Sunday, October 19, 2008


The title of Nishikant Kamat's Mumbai Meri Jaan comes from this amazing melodious song sung by Mohammed Rafi & Geeta Dutt:

Aye dil hai mushkil jeena yahan
Zara hat ke zara bach ke, yeh hai Bombay meri jaan

While the song is cheery and uplifting, the film deals with a topic that is anything but happy. Mumbai Meri Jaan shows how the lives of a few characters is affected by the Mumbai train bomb blasts of 2006. To Nishikant's & writer Yogesh Vinayak Joshi's credit, they have crafted a film with such grace and beauty that there is no room for melodrama and no speech about why the terrorists continue to kill innocent people. Instead, we are given ordinary every day characters and observe how a drastic event shakes things up for them. The film ends with a moment's silence for the victims and while we watch the characters observe the silence, the Rafi song comes on, and the screen fades to black as the words "yeh hai Bombay meri jaan.." echo in the background, a perfect way to end the film.

In a way, Mumbai Meri Jaan is a testament to the human spirit of Mumbai, one of the most vibrant cities in the world. Unfortunately, it is also a city that suffers a lot as it constantly has to bear the brunt of terrorists who continue to kill innocents for a cause that even they could not name. After each attack, the citizens are expected to return to their life and forget the violence. But if a citizen is angered, what can he/she do?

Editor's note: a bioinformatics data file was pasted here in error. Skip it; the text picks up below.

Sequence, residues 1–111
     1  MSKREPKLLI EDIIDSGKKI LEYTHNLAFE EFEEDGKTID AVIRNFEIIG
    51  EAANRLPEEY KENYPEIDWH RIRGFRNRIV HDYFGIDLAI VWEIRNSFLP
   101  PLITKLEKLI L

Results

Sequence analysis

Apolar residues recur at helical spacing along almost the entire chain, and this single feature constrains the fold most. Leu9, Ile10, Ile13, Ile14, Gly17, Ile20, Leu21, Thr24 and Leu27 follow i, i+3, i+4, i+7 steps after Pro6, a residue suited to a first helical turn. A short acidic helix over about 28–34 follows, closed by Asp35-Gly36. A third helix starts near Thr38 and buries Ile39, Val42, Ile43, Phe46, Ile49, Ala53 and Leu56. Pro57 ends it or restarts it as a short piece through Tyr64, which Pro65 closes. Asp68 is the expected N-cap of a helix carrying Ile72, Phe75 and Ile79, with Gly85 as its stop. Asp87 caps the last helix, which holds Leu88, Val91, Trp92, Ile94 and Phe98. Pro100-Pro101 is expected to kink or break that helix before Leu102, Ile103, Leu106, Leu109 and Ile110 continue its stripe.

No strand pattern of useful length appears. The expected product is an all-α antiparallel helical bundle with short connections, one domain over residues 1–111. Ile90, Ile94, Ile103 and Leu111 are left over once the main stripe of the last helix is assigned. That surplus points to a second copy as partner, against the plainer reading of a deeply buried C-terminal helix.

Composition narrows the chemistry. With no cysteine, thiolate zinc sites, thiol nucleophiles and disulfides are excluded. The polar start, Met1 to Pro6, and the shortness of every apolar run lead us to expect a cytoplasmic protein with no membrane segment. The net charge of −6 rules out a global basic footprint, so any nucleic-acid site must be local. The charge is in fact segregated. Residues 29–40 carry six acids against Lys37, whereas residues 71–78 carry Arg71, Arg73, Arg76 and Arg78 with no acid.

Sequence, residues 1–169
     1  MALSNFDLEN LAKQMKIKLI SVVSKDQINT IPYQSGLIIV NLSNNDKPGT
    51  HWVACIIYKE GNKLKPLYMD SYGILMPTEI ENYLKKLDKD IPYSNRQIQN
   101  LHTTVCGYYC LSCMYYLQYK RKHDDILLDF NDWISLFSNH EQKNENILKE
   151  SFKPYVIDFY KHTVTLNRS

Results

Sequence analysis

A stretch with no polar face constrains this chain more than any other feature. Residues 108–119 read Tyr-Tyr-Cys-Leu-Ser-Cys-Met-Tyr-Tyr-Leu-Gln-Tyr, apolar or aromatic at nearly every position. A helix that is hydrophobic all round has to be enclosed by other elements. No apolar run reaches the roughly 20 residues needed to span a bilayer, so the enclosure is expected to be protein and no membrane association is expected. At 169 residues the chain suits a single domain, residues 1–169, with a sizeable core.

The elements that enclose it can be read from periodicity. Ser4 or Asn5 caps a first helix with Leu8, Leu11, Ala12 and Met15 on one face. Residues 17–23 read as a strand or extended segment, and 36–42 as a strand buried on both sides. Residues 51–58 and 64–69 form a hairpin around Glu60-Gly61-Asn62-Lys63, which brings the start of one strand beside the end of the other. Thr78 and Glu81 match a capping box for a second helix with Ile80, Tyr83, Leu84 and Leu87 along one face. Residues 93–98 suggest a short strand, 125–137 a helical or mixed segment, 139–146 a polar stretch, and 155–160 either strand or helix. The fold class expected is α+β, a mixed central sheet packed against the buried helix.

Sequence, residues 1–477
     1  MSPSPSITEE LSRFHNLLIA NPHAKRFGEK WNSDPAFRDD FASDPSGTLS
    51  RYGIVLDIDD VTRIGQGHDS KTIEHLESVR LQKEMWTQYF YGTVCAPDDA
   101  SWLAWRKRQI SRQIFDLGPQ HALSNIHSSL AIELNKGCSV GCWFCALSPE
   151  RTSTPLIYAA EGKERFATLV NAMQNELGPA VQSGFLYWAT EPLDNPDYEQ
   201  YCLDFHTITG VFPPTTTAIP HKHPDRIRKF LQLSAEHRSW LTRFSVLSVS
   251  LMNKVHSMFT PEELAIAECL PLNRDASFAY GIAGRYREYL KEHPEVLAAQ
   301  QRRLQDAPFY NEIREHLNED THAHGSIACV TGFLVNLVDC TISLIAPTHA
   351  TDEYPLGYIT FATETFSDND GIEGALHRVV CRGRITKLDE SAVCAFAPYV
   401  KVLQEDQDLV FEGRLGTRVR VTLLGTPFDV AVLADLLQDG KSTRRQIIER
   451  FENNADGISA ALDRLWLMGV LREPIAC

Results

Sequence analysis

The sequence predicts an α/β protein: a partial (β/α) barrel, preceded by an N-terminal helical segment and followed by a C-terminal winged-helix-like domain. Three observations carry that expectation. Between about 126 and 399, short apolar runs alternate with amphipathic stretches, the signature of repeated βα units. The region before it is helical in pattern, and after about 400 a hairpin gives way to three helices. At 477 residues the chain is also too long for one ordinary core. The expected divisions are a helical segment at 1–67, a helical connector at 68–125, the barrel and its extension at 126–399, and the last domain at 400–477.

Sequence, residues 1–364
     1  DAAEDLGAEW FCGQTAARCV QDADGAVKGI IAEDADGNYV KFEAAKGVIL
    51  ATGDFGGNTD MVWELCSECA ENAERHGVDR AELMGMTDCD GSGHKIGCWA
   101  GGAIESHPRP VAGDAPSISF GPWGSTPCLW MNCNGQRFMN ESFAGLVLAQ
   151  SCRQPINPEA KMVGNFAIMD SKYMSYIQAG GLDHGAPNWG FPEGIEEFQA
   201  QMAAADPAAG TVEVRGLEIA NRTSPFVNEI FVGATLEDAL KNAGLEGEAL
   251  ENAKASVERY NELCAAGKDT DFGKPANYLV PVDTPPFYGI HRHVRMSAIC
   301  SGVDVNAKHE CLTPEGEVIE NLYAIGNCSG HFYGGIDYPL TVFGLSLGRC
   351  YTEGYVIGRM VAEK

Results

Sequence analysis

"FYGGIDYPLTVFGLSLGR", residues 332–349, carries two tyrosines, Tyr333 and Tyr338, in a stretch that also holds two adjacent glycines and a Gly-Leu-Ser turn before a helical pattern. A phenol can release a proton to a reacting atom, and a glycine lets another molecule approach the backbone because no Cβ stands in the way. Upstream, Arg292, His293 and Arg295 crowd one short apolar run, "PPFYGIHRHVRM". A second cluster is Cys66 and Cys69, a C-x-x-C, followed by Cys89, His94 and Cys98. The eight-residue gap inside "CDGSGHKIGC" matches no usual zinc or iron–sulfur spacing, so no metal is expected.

Neeraj Pandey's debut film A Wednesday answers that question by portraying a situation where an ordinary citizen, "a common man", decides to take matters in his own hands and get revenge for the constant violence that rocks his city. The film depicts how a mysterious man has the Mumbai police on the run to stop further possible bomb explosions in the city. I would hate to give anything away as I watched the film without knowing the story and enjoyed how things unfolded, although I did guess on where things were going.

Both Mumbai Meri Jaan and A Wednesday are a rare commodity in Bollywood in depicting the police as hard working and sincere human beings. That is a refreshing thing to see plus both films contain excellent performances from some of the best actors in the industry such as Paresh Rawal, Kay Kay Menon, Irfan Khan (Mumbai Meri Jaan) and Naseeruddin Shah, Anupam Kher (A Wednesday).

Ratings out of 10:
Mumbai Meri Jaan: 9
A Wedneday: 8.5

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